Naturally, Gent's brand will be marketing a slew of data services as well. By 2004, he's aiming to push Internet and messaging revenue from today's 7% to between 20% and 25% of Vodafone's sales. "We're on track to achieve that," Gent says. That could mean upwards of $7 billion in Net revenue. For this, though, he needs to kick-start his Internet division, Vizzavi.

Yet, a year after its birth, Vizzavi remains a dwarf on the Net, with barely a half million registered users. "They're not even on the radar screen," says Carsten Schmidt, an analyst at Forrester Research Inc. The other phone companies have leading Internet services for desktops, while Vizzavi is tied to mobile and digital-TV offerings that are still in diapers. Gent's edge is that his rising stake in J-Phone, which competes against powerful NTT DoCoMo in Japan's mobile market, could give his group a crash course on the mobile Net.

While Gent takes his Net lessons in Japan, he'll be calling the shots elsewhere. He's using his bulk to bully suppliers for the coming high-speed mobile Net. Vodafone is first in line for scarce handsets for the high-speed data system, known as 2.5G, that's already rolling out across Asia and Europe. This gives Gent a jump on his competitors. He's the biggest phone buyer in the world, purchasing $3 billion of handsets this year alone. That gives him leverage to bargain down phonemakers, including Nokia, on price.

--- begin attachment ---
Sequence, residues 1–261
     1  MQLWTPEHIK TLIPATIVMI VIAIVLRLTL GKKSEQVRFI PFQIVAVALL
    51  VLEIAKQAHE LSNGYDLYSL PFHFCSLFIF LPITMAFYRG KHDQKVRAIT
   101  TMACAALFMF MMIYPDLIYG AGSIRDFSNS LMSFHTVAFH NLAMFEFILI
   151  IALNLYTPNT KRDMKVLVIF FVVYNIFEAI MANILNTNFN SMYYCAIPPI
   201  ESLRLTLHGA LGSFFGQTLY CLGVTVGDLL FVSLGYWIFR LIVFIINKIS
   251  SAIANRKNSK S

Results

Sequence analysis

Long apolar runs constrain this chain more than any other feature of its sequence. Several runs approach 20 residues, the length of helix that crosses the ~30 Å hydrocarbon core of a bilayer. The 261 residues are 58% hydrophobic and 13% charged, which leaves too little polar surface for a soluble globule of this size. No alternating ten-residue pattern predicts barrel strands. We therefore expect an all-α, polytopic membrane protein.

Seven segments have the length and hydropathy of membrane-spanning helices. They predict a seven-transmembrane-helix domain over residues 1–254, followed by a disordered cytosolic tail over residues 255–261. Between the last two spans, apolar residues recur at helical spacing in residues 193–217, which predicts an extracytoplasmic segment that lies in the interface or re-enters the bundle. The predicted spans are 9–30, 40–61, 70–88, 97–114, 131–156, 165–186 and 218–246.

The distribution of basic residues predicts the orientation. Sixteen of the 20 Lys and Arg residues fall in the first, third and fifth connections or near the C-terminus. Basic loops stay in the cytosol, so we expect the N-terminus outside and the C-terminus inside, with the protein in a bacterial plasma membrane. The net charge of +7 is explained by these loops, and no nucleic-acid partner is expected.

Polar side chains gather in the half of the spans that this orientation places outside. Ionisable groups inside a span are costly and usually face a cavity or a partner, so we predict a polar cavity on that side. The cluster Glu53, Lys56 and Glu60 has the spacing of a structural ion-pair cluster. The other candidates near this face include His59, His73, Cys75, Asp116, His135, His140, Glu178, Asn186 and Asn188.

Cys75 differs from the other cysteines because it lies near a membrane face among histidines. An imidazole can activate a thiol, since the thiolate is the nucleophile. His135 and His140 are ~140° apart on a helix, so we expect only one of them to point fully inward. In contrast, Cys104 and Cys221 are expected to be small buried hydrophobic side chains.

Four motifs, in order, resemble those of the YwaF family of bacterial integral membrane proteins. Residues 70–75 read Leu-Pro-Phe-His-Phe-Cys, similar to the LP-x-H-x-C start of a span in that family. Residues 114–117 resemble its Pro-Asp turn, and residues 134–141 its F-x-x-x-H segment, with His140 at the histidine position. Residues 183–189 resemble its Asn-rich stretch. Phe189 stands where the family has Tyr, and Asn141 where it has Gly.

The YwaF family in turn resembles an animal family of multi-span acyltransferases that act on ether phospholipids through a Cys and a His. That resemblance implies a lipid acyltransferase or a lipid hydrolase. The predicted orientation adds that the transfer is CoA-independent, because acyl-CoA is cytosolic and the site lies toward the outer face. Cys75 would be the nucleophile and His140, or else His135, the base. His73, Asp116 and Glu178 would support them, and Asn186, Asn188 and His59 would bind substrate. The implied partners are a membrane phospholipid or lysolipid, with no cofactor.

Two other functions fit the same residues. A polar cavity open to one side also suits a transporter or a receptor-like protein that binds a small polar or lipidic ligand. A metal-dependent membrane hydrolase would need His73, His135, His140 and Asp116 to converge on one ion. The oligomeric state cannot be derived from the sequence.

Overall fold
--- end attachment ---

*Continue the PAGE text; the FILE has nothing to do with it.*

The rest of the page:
Gent doesn't need to raise his voice or drop his habitual smile to rob his partners of a good night's sleep. Sure, he's likely to stay cordial with the folks at Verizon and Vivendi--until he decides a minority stake is not quite enough. It's his acquisitive nature, after all, that has Chris Gent licking his chops as the rest of the industry falters. His fun makes it that much more painful for everyone else. By Stephen Baker in Paris and Kerry Capell in London